County’s bond-selling gets a boost from Web
The unglamorous process of selling county bonds perked up a little this week when the county borrowed money on line for the first time ever and Moody’s Investor’s Service upgraded the county’s rating.
On Tuesday, the county sold $10 million in general obligation bonds on http://www.muniauction.com. The service allows counties and cities to sell bonds to investment firms, a popular process for governments looking to borrow money.
In Pitkin County’s case, four firms bid on the right to sell the bonds by naming their interest rates and costs over a half-hour period from 11 to 11:30 a.m.
The lowest bid came from Piper Jaffary Inc., which offered to loan the $10 million to the county at 5.3543 percent interest. Hanifen, Imhoff came in with an offer of 5.3856 percent. The difference represents several thousand dollars.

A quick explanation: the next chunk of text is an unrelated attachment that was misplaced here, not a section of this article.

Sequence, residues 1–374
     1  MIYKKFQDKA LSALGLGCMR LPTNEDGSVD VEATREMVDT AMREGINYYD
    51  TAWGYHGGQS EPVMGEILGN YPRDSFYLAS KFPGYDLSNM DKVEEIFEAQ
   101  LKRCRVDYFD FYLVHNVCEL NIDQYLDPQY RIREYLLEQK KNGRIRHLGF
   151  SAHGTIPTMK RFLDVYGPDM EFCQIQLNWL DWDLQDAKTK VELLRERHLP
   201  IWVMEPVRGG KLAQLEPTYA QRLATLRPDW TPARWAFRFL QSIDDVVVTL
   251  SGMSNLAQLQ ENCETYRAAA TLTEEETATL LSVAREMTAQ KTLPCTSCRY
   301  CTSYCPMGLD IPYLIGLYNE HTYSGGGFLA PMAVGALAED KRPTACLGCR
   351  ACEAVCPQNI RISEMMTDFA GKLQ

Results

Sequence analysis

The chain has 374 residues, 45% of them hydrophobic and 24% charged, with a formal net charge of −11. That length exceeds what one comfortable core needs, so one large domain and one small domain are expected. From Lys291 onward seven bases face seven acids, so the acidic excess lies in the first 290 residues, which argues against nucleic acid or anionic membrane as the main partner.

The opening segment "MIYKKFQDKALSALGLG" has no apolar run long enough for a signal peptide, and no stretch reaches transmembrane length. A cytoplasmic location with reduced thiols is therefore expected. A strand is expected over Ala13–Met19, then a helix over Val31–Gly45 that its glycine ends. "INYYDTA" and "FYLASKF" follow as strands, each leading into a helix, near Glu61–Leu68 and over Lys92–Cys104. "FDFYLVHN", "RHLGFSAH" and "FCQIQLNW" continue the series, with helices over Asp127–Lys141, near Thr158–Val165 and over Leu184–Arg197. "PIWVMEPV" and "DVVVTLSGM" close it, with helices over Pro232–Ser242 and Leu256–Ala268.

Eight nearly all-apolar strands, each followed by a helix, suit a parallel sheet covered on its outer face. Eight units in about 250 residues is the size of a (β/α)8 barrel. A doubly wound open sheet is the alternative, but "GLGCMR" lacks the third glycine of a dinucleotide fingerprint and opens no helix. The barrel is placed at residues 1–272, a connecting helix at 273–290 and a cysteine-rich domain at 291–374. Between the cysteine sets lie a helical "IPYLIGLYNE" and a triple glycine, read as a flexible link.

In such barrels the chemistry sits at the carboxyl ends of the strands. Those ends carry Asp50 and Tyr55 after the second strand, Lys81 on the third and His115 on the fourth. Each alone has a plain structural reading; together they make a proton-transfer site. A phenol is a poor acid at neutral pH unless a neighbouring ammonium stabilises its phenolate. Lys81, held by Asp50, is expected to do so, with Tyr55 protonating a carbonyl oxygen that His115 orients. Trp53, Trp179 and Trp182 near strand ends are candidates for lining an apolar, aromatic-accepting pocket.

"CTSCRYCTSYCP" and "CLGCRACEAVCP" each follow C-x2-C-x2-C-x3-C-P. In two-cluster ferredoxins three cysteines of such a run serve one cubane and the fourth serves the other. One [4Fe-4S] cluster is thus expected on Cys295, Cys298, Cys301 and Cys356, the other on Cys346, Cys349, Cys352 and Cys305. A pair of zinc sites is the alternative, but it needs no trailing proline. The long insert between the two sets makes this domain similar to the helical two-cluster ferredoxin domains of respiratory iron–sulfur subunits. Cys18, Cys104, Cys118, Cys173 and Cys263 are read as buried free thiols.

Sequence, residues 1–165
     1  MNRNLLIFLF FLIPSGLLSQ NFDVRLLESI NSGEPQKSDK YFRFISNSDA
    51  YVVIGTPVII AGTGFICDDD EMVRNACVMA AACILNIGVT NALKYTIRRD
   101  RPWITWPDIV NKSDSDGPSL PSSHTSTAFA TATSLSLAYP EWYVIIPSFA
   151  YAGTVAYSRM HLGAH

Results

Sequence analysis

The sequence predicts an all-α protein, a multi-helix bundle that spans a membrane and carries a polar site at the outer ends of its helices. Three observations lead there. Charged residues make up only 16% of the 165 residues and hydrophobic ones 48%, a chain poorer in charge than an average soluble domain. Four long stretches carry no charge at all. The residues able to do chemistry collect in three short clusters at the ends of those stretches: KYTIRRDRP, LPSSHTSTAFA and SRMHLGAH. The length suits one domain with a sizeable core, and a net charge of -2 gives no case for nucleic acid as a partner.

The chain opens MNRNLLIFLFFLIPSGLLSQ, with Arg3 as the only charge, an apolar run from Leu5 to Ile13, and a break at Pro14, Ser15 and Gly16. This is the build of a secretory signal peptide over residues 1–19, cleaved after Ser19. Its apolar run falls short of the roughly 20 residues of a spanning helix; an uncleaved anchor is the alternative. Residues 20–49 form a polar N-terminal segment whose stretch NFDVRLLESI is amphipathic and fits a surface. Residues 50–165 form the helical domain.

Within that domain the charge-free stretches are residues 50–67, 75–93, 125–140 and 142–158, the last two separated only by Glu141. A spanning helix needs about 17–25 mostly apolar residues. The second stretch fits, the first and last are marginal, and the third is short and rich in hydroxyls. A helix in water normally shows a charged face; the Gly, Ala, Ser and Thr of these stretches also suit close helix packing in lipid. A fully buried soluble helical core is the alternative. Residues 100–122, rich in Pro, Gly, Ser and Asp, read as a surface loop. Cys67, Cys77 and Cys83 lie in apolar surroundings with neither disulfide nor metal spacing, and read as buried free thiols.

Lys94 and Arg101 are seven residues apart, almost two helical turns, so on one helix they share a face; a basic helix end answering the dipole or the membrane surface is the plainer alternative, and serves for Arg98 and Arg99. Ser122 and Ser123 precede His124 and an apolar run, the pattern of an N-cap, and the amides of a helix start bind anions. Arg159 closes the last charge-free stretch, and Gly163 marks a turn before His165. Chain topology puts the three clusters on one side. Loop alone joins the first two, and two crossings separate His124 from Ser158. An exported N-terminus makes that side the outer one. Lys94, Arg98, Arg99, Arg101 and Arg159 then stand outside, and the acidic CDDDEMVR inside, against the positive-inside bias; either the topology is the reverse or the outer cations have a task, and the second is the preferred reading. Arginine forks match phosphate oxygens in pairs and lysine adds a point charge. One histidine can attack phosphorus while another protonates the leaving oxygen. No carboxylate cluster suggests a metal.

Investment banks and brokers were likely spurred to bid on the county bonds by a Dec. 1 press release from Moody’s. The rating agency upped the county’s risk rating from A2 to A1, which means it believes Pitkin County is a safe place to invest money.
“The upgrade reflects a decade of strong finances, a sound 25-year history of sales tax revenue collections, a modest debt profile and a sizable affluent, albeit tourist-based, economy,” says the press release from Moody’s.
With the new debt, the county has borrowed just under half of the total amount of money it’s allowed to borrow under state law, according to a memo written by county finance director Tom Oken.
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